Bill O’Reilly Is Unconvinced By Glenn Beck’s Comparisons Of Egyptian Revolt to WWI
Glenn Beck is sticking strongly to his belief that World War I is an analog to the current configuration of the world. Having called the Egyptian revolts of this weekend our “Archduke Ferdinand” moment earlier today, he took his thesis to a skeptical Bill O’Reilly, who neither agreed with Beck’s proposition to take a neutral stance on the issue nor seemed to agree that the revolts were “orchestrated by the marxists-communists” and the US should stay out of it.
Having moved up Friday’s “At Your Beck and Call” segment to respond to the events of this weekend, O’Reilly opened up his weekly interview in agreement with Beck in at least one thing: Egyptian president Hosni Mubarak is a “bad guy– a really bad guy.” The fork in the road came about who may come after Mubarak. To O’Reilly, it seemed clear that there was a possibility that something similar to the situation in Iran could happen– a reason America should intervene. Beck agreed that it is going to be “very similar” to the Iranian revolution, which O’Reilly called a “catastrophe,” one for which Beck appeared to see the only solution as neutrality. “Why not be Switzerland?”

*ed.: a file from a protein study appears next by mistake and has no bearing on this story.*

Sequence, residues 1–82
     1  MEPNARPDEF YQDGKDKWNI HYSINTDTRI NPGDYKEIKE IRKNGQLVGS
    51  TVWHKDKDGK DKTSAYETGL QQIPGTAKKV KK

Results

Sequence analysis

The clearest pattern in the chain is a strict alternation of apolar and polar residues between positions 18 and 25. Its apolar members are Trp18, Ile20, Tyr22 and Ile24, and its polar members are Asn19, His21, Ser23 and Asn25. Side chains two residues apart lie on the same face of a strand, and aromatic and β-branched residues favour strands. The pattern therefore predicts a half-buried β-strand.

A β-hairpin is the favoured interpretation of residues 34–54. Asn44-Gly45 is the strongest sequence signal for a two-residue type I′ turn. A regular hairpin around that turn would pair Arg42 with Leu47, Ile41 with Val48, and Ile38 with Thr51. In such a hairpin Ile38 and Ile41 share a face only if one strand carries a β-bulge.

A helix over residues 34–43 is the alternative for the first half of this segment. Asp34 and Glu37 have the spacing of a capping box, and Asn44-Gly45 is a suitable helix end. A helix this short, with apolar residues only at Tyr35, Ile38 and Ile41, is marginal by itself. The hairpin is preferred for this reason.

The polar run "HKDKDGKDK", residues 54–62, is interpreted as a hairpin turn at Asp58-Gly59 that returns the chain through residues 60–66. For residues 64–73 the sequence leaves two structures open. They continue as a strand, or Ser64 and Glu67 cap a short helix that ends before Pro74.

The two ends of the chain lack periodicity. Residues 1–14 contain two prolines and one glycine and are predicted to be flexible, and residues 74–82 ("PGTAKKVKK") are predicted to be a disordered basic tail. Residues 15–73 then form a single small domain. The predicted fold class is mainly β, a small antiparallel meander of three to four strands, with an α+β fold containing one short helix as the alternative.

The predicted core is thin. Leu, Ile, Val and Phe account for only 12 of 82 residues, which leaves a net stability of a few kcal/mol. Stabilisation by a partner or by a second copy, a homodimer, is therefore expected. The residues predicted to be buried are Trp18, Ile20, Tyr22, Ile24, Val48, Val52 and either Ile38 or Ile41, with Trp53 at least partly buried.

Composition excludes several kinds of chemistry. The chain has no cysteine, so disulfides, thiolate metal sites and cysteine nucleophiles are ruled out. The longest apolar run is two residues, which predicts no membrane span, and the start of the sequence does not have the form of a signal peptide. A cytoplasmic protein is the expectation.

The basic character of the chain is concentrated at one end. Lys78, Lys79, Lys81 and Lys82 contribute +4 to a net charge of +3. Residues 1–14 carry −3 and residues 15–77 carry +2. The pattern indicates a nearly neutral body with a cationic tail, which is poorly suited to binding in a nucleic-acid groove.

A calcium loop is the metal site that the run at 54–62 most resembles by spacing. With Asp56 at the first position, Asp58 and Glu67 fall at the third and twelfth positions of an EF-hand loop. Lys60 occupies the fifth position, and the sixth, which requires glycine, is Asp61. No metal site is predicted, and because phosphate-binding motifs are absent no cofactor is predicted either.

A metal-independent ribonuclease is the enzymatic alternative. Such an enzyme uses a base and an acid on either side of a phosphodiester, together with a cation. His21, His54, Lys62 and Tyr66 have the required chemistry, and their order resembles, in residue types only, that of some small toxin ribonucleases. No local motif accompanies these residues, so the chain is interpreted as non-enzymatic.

This set to two down on a road of historical bickering, with Beck insisting we had “never tried it before” and being rebutted with the fact that most Americans opposed involvement in World War II. Beck countered this claim once again by citing Woodrow Wilson and arguing that “we meddled in people’s business and told England to sink their own ships in World War I,” which exasperated O’Reilly into warning Beck to simply stop talking about the 1910s: “stay away from World War I.” They also debated the world’s greatest threat. “I see the jihad as more of a problem than the communists/socialist,” O’Reilly admitted, after Beck had proclaimed that the Egyptian protests were “being orchestrated by the Marxists/communists and the Muslim Brotherhood.” They ultimately agreed to disagree on the neutrality argument, though, more importantly, agreeing to keep some of the squabbling for next week.
The segment via Fox News below:
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